A road bike, too, can transform into a gravel bike by swapping out slick tyres for those with deep tread
Gravel cyclists often practise the sport on makeshift tracks in Ras Al Khaimah. Photo: Edge Cycling To the untrained eye, gravel cycling looks as though someone on a traditional road bike has lost their way in comical fashion. Straying from smooth asphalt tracks, gravel bike riders seemingly hurtle across a mountainside at breakneck speed trying to rejoin their mates.
Hilarious as this scenario is, there are some key intricate differences that make gravel cycling the hottest leisure activity on two wheels right now. What is gravel cycling?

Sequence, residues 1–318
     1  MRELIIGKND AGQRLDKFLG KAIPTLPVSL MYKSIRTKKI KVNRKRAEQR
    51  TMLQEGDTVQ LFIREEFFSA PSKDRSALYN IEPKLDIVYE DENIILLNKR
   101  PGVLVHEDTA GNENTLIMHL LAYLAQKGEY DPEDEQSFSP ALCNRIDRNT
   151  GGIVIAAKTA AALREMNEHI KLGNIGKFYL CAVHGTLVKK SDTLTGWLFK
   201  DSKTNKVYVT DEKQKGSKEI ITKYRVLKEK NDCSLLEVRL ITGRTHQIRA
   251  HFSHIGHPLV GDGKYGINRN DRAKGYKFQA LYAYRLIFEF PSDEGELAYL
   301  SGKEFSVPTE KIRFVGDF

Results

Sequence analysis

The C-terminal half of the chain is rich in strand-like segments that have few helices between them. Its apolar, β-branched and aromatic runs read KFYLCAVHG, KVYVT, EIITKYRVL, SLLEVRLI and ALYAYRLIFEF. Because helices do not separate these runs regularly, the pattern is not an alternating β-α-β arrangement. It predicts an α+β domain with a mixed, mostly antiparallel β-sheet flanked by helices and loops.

A gravel bike has curved handlebars and wider tyres with deeper tread. Photo: Edge Cycling Gravel bikes have the same drop handlebars (read: curved bars) and dimensions as a road bike seen at the Tour de France. However, they’re built for increased durability and have wider tyres with deeper tread, which can grip loose gravel and steep terrain akin to a mountain goat.
The sport, which combines the speeds of road cycling with the freedom of mountain bike riding, has been around for a few decades, but it’s only just started to enter the mainstream. Gravel biking is attracting a lot of attention at the moment because of how seamless the transition from road cycling to off-road riding is. One minute you’re blasting along in a Peloton on the tarmac and the next you can be powering through dirt tracks on the […]